As I had driven the route a couple of days before, I had a fairly good idea of what lay ahead (although I did get completely lost in the later stages of the course drive!). It was time to tackle Inchanga, the second major hill. I knew that there would definitely need to be a couple of walk breaks on this climb, but on the plus side, I was also aware that once over the top of the hill it was a nice descent into the traditional halfway point. So, I took it bit by bit and timed my 2-minute walk break for the steepest section of the climb.
It was during this walk break that I heard a familiar voice behind me; my friend from Dubai who I had also seen at the start. We ran together for a while and chatted to other runners. Despite the constant climbing I was feeling really strong and in good spirits. In fact, this may well have been my favourite part of the entire race. We could see the route curling up and over the hill ahead, yet somehow I was able to make jokes and really enjoy myself.
At the top of Inchanga, I reached the second support station and ran with my bottle of electrolytes for a bit. On the downhill, I overtook my friend and let my legs do their thing as I made my way to the official halfway point in Drummond. This was like one big party with big crowds and TV screens. A guy with a microphone mentioned my name and I waved to the crowd, still feeling so strong and really enjoying the atmosphere. I had passed the marathon mark in about 4:15 and crossed halfway in 4:26. The actual half-way point, however, was a bit further along the course and uphill, since the course distance varies from year to year. Still, I was on track to make my sub 9 target and perhaps even break 8:50, I thought. But I also knew that I was about to tackle the toughest part of the course and that the hard work hadn’t yet begun.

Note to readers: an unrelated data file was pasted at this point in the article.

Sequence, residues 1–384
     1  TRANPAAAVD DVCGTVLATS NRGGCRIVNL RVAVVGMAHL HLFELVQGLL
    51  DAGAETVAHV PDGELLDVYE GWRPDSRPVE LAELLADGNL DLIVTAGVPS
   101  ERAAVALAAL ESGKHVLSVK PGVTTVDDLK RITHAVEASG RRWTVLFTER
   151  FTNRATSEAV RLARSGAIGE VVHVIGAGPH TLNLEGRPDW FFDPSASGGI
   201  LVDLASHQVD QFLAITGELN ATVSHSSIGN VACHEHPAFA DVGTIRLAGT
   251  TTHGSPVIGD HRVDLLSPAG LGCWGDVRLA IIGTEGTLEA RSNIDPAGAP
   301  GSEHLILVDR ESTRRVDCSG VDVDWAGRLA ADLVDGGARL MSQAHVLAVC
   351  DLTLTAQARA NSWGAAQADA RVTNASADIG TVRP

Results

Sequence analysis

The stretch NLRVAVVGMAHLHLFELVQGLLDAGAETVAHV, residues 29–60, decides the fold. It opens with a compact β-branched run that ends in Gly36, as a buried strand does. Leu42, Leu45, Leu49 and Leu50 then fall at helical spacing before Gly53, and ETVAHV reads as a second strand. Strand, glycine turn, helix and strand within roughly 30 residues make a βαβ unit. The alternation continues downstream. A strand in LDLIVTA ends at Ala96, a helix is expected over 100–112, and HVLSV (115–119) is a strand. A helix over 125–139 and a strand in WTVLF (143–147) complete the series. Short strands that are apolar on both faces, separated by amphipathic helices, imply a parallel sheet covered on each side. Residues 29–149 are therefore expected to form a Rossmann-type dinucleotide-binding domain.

After halfway, the Comrades course climbs out of Drummond and on to the Wall of Honour. It then rolls along for a bit before climbing again to Alveston. As if this wasn’t enough, Botha’s Hill then makes its presence known – the third of the five major climbs. It was at this point that I began getting confused as to when Botha’s Hill actually started. Time and time again, I asked myself “Is this it?” before realising that no, this is just another climb and not the actual hill.
Finally, I saw the sign for Botha’s Hill and began my ascent. It felt harder than last year, coming after almost 60km of running, and I was relieved to get to the top and see the Kearsney College boys who I remembered so well from 2017.
The way down the other side of the hill provided some relief, but as I passed the 60km mark, fatigue began to kick in fairly swiftly. In my mind, I was trying to think positive thoughts, but there was always that little voice that told me I still had 30km to go. The tough section that had just passed had caused me to slow down a little, and I was now on for a finish time of just over 9 hours. If I wanted to achieve my goal, I couldn’t afford to fall apart now. The worst thing was that I just was never happy with any particular part of the course. On an uphill section, I would long for a sweeping downhill, and on the downhills, I would wish for an uphill. I was simply never satisfied, which is something that I had not expected to happen. All I could do was try my best to keep going and draw strength from the fantastic supporters until this bad patch had passed.
Downhill = pain